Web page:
The Attritional War: Paganism's Slow Demise
“If any unholy and defiled pagan does not make himself manifest… and run to the churches with his household… let him submit to the aforesaid penalties: let the fisc confiscate their property and let him be given over to exile.”
(CJ I. 11.10.3)
Just as an earlier generation of historians drew a thick red line under Constantine the Great and invented the “Byzantine” identity, so they assumed the period between the great legal corpora of Theodosius and Justinian bookended the beginning and end of paganism. In reality, however, nothing was so clear cut. Instead, this article examines paganism’s shelf-life from Justinian’s reign into the tenth century.
Prokopios (d. 570) mentions the conversion of temples dedicated to Artemis and Iphigenia at Komana in his life time. The sixth-century text of Abraham the Solitary also refers to its protagonist having to go and convert a small town known as Taenia. But the real trailblazer of the period was John the Syrian Monophysite bishop of Ephesus (d. 588) who not for nothing was nicknamed the “idol-smasher.” This was no idle wrestling moniker, however, but an accurate description of a man who had baptised 80,000 souls and had 98 churches and 12 monasteries built in the 30 years (AD 536-66) since he’d departed Constantinople.
Some he even had the temerity to refuse to close down and hand over to the imperial fisc (as legislation demanded). Instead preferring to have them demolished (his friends in high places included Theodore, the praepositus sacri cubiculi, so he could get away with such high-handed behaviour). Such was the fate of the great temple of the Isodromian Mother near Tralles (mentioned in Strabo’s Geography) for instance, which was razed and replaced with a monastery dedicated to St Tryphon.
Paganism, however, could survive without monumental architecture. Countless saints’ lives reveal a land on which pagan magicians, sorcerers and shamans flourished. This isn’t surprising given the central plateau of Anatolia was marginal agricultural country at best. Rainfall varied from year to year. Droughts were common. In such an atmosphere the most common magicians were known as nephodioktai (cloud-drivers).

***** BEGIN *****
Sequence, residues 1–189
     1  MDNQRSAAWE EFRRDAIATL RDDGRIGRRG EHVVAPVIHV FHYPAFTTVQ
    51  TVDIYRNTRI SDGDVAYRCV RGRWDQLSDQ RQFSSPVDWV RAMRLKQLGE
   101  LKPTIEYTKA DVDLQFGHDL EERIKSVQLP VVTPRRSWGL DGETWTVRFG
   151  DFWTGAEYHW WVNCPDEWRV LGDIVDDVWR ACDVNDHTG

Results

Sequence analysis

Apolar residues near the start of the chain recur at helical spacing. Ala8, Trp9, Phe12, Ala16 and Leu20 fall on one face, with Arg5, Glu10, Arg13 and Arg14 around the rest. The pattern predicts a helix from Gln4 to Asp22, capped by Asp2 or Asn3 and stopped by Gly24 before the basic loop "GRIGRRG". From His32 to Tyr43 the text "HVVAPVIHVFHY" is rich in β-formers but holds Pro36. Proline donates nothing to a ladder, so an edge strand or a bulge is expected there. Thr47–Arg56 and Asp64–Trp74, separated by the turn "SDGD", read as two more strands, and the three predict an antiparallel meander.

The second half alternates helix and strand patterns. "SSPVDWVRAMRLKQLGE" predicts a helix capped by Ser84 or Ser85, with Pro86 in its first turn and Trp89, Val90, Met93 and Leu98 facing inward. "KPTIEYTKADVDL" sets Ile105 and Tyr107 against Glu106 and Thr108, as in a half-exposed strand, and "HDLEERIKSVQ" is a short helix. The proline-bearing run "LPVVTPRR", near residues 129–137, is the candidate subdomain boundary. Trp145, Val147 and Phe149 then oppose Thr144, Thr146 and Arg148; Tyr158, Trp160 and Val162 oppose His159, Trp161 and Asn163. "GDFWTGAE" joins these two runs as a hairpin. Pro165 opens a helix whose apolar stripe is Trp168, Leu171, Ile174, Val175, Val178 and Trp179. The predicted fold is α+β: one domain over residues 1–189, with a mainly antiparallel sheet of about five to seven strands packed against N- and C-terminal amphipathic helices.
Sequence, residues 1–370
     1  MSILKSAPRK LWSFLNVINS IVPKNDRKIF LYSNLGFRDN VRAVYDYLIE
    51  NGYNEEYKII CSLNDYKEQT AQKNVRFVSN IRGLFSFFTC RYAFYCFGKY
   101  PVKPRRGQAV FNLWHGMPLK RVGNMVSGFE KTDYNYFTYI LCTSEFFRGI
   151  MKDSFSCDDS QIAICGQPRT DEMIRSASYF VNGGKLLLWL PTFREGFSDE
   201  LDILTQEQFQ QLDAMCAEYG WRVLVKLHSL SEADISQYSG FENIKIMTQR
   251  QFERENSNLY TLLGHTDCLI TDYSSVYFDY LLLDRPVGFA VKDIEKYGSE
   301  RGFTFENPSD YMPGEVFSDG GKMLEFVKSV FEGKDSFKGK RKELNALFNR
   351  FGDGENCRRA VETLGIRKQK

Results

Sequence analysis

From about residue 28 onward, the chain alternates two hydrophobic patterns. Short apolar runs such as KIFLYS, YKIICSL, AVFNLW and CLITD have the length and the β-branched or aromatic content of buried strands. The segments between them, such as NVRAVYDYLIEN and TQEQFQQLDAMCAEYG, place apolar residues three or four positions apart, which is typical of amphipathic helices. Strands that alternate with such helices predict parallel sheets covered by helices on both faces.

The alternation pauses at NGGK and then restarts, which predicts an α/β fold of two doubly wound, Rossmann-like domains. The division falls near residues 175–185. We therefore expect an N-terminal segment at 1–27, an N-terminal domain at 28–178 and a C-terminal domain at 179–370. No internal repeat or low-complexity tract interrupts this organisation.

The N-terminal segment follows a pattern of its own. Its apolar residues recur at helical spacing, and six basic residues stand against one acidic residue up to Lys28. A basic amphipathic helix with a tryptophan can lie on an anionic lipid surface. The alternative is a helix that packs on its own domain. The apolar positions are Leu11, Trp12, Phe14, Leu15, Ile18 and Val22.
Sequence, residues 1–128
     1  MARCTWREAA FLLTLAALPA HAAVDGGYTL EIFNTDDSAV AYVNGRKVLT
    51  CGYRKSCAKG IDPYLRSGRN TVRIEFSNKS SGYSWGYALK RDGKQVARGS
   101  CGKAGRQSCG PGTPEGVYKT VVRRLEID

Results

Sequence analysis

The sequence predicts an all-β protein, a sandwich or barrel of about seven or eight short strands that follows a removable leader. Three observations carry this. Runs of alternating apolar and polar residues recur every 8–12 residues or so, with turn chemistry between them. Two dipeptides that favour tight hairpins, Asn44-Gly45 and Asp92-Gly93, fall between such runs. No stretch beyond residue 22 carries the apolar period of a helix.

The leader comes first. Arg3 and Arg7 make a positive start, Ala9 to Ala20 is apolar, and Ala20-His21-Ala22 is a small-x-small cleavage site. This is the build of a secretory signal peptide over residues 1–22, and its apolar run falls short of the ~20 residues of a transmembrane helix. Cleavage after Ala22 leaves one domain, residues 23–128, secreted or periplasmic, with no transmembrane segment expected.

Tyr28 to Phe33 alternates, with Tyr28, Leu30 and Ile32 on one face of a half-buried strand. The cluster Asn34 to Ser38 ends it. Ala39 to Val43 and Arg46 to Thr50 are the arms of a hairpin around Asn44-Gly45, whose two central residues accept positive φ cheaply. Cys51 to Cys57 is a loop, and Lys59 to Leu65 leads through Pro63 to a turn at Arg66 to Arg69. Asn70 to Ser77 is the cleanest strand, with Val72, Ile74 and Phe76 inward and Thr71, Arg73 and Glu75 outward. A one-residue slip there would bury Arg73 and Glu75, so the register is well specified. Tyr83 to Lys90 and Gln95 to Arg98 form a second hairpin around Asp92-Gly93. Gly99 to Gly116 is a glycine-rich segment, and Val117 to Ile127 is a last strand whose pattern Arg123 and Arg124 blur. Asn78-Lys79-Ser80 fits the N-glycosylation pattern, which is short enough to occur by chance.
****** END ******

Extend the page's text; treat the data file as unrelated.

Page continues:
Others such as Theodotos Kourappos were less harmless. He is reported in the vita of Theodore of Sykeon (c.550-623) as a man who had the power to dispatch spirits and bring down clouds of locusts on the heads of his enemies. These dark arts he learned from the pagan library he’d accrued in a Galatian village. And books of this genre were no isolated artefacts as the imperial judge Amantius of Antioch (c. 554-58) found in trials that revealed great quantities of them.
More interestingly, Nicholas encountered accommodationism on his travels:
“Clerics from Plenios that came in a procession with the Christ beloved people with crosses and met Nicholas at the chapel of St George. He followed them from there with seven calves. After they went into the chapel… he slaughtered/sacrificed the seven calves… All ate are were filled, and gave thanks to God… Left over were sixty measures of wine.”
Behaviour that was justified by citing the ebullient rites of the Old Testament’s David. In fact, such rituals went in to the late sixteenth century (and even into the nineteenth depending on which sources can be deemed reliable) and were called “kurban” by the Ottomans. Indeed, this hybrid society is an extension of what occurred at Philae in Egypt where Christian and pagan communities lived parallel lives between 380-537 (when the Temple of Isis was converted into the Martyrion of St Stephen). This assimilation was facilitated by the fact the barriers of each system were rarely clear cut. Hence the condemnation of rather mundane magic tricks at the Quinisext Council (691-92) where the sixty-first canon condemned “animal leaders.” These were men such as